Sunday 13th November 2011 is Remembrance Sunday and we will reflect this in our Service. We will pause, with the nation, for a two minute silence at 11am and spend time in reflection and prayer.
I have the privilege of walking with people as they come towards the end of their lives. Amongst many other things, it is a time of questioning and reflecting about the meaning of life in general, and the meaning of their lives in particular. So often I am reminded of what a huge shadow the Second World War cast on those who lived through it. It seems to be a shadow that never leaves. This, I am sure, is true of every war.
I think of a man who refused ever to talk about all that he had seen and heard. Unable to find the words to express the horror. Unable to process. Unable to leave the trauma behind.
I think of a group of men who talked fervently and often about the ‘glory’ of it all: the planes, the guns, the adventure. Just another way to anaesthetise themselves from the reality of all they had known
I think of those who made the annual pilgrimage to Dunkirk. Just to stand there again. Just to be near those they had known. Just to somehow deal with it.
I think of a lady who recalls the terror, as a child, of huddling under the stairs with her family as the bombers went overhead. They would sing a hymn to drown out the noise, pass the time and bring comfort to the soul. She speaks of it as if it was yesterday. This is what they sang:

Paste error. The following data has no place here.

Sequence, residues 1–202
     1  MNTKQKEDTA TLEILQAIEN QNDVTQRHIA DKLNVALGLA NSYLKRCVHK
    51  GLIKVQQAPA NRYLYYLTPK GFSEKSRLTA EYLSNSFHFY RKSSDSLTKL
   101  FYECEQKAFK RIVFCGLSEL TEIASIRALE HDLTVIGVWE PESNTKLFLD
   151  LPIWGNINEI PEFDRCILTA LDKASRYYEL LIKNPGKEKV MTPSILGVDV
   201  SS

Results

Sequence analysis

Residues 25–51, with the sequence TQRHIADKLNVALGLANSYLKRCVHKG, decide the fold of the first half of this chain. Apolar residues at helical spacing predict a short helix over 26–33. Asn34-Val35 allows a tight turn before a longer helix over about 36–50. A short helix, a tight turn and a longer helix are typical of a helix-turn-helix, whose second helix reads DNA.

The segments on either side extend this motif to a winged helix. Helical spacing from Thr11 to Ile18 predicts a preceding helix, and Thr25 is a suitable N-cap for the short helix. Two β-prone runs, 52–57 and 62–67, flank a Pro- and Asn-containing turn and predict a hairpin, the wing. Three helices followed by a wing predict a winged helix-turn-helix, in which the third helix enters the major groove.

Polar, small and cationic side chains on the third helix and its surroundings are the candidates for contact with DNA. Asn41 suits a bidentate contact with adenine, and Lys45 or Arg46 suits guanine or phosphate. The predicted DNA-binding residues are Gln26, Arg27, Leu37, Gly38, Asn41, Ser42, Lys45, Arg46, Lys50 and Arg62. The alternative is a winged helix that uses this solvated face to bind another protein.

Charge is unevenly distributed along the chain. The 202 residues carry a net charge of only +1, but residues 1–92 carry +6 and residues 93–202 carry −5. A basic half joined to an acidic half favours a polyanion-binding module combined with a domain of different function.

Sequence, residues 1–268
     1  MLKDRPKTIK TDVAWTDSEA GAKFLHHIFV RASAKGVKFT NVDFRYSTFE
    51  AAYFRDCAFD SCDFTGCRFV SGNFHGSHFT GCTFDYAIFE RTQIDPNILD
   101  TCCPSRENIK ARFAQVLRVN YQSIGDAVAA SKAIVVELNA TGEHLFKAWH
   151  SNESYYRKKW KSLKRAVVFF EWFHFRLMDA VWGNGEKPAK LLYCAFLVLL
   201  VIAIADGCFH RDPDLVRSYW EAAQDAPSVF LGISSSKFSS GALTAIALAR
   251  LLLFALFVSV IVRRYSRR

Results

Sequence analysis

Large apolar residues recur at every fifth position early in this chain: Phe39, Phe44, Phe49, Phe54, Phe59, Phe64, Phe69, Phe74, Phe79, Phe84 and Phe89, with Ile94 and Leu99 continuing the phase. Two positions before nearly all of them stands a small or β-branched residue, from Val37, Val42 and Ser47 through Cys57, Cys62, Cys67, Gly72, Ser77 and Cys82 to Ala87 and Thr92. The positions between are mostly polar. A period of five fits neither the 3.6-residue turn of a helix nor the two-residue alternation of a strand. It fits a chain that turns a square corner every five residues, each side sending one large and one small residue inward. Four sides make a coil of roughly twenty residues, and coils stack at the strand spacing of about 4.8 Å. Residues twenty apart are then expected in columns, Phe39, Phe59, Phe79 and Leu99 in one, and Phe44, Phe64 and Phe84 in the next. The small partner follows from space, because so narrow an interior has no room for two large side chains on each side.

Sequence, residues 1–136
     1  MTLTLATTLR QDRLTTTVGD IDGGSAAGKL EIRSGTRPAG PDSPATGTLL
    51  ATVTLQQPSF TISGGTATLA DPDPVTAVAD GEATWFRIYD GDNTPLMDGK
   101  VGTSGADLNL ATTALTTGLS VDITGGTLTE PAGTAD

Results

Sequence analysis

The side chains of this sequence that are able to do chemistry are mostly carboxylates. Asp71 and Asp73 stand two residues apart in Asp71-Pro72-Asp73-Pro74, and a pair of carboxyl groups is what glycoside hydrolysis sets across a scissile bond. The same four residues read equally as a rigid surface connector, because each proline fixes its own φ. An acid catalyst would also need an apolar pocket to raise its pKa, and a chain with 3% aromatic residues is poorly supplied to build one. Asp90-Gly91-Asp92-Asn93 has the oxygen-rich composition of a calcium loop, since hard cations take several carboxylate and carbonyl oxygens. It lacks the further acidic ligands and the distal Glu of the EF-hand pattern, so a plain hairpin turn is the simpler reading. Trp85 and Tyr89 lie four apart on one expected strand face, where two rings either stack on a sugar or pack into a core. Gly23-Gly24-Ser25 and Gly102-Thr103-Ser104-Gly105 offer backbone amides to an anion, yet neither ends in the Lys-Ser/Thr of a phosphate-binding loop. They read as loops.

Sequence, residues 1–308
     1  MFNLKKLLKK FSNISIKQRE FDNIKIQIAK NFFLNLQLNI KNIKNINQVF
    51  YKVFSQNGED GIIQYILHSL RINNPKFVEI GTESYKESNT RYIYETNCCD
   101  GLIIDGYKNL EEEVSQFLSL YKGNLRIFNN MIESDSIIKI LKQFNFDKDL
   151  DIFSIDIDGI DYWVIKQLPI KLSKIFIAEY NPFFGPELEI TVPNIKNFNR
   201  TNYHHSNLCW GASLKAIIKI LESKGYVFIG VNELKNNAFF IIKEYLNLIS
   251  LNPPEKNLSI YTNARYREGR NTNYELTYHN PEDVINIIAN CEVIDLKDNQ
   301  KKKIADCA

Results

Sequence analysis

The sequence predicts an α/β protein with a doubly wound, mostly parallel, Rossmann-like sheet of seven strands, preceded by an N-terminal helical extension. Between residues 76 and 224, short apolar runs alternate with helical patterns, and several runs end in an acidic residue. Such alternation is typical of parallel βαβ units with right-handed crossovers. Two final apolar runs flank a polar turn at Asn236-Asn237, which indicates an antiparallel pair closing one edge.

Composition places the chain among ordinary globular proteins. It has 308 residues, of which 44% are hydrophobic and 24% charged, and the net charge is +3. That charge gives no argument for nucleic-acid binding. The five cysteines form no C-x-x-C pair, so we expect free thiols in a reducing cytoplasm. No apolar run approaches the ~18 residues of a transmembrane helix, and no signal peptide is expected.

There’s a wideness in God’s mercy,
Like the wideness of the sea;
There’s a kindness in His justice,
Which is more than liberty.
There is no place where earth’s sorrows
Are more felt than up in Heaven;
There is no place where earth’s failings
Have such kindly judgment given.
For the love of God is broader
Than the measure of our mind;
And the heart of the Eternal
Is most wonderfully kind.
There is plentiful redemption
In the blood that has been shed;
There is joy for all the members
In the sorrows of the Head.
But we make His love too narrow
By false limits of our own;
And we magnify His strictness
With a zeal He will not own.
If our love were but more simple,
We should take Him at His word;
And our lives would be all sunshine
In the sweetness of our Lord.
(FW Faber 1814-63)
Is God’s love broad enough for all the pain and trauma of this world? I believe it is. One of the greatest privileges for me is to see people discover a Father in heaven whose love can turn our ‘mourning to dancing’ (Psalm 30:11), ‘set free those oppressed’ (Luke 4:18-19) and ‘drive out every fear’ (1 John 4:18). This is my prayer for all who gather at Burlington this Sunday, and all who will stand in remembrance around the world.